In a recent inspection conducted by a nationwide advocacy group, over three-quarters of Massachusetts’ nursing care facilities were guilty of at least one deficiency.
The Families for Better Care (FBC) state-by-state report card cited the number of facilities with serious deficiencies ( 24%), and the extremely high number of verified ombudsman complaints (95%) in ranking Massachusetts nursing homes 19th among the states overall. Alaska, Rhode Island and New Hampshire made up the top three. Indiana, Louisiana and Texas were the bottom three.
The pattern of high-quality facilities and poor-quality facilities had nothing to do with geography, education, income or other socioeconomic and political factors. FBC and other analysts see a one-to-one relationship between staffing levels and nursing home care. Simply put, according to FBC director Brian Lee, nursing homes that cut corners on personnel and staffing have been and probably always will be the worst elder care facilities.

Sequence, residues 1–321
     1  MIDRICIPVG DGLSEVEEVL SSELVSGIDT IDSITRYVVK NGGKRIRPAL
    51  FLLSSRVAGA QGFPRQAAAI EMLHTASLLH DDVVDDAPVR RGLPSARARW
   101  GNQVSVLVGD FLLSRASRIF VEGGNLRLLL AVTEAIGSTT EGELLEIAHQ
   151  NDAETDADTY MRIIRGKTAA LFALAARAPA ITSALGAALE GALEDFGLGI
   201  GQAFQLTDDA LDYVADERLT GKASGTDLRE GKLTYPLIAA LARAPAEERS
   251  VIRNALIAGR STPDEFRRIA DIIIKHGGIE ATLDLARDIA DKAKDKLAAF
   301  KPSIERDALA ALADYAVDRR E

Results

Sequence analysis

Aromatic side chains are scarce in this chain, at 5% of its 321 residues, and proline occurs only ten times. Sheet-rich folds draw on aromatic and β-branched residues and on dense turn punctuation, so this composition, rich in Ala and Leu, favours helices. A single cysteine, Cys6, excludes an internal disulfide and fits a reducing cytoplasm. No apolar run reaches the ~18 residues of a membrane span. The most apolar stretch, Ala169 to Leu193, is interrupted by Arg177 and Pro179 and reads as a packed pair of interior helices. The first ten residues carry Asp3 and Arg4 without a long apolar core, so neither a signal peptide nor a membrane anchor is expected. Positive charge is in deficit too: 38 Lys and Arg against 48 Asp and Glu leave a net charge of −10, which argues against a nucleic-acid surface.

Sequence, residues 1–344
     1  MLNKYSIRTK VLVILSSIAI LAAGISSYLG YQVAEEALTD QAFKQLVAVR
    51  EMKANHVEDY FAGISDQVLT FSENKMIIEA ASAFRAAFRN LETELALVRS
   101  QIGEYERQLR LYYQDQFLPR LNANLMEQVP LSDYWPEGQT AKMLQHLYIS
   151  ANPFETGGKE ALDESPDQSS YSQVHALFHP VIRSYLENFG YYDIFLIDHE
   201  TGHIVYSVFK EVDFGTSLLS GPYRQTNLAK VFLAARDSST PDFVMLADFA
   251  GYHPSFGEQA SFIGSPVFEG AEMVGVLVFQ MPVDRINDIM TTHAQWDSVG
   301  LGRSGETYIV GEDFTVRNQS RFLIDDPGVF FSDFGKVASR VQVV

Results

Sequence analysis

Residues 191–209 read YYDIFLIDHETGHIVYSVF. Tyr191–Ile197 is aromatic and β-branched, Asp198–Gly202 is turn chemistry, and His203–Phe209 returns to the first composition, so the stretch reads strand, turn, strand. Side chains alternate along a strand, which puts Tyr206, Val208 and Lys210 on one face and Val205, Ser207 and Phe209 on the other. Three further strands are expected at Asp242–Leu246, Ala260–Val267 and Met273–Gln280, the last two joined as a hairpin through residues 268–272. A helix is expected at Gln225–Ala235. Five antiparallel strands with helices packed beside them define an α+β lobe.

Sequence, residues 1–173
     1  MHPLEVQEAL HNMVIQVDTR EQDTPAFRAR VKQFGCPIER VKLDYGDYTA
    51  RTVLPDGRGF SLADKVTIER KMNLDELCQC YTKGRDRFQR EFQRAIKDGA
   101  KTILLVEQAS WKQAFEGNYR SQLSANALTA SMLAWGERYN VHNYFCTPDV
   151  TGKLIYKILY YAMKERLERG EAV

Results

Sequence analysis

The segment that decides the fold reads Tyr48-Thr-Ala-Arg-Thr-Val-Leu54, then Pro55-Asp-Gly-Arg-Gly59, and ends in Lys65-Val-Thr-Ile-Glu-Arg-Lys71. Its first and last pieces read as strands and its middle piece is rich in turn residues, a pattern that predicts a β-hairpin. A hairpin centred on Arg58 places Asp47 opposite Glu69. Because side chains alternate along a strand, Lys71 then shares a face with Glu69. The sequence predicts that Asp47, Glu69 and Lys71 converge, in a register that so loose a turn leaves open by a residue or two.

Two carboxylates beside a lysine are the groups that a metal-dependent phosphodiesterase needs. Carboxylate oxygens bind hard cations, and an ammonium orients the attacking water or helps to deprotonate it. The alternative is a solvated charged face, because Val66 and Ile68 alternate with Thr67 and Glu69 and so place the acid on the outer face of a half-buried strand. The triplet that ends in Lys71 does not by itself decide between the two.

According to the Department of Health and Human Services, 20% of Americans will be aged 65 or over by 2050. Approximately 10% of elder adults surveyed stated that they had suffered abuse. Since elder abuse is vastly underreported, the actual number is probably far greater. Elder abuse is nearly always inflicted by a caregiver or family member. Some common categories include:
If you notice any physical injuries or unusual behavior when you visit your loved one, speak to an attorney right away to halt the abuse.
The attorneys serve the entire state of Massachusetts in addition to affiliating with lawyers in other states to handle cases outside of Massachusetts.
Boston Attorneys Win Highest Injury Verdict in Massachusetts in 2011 & 2012.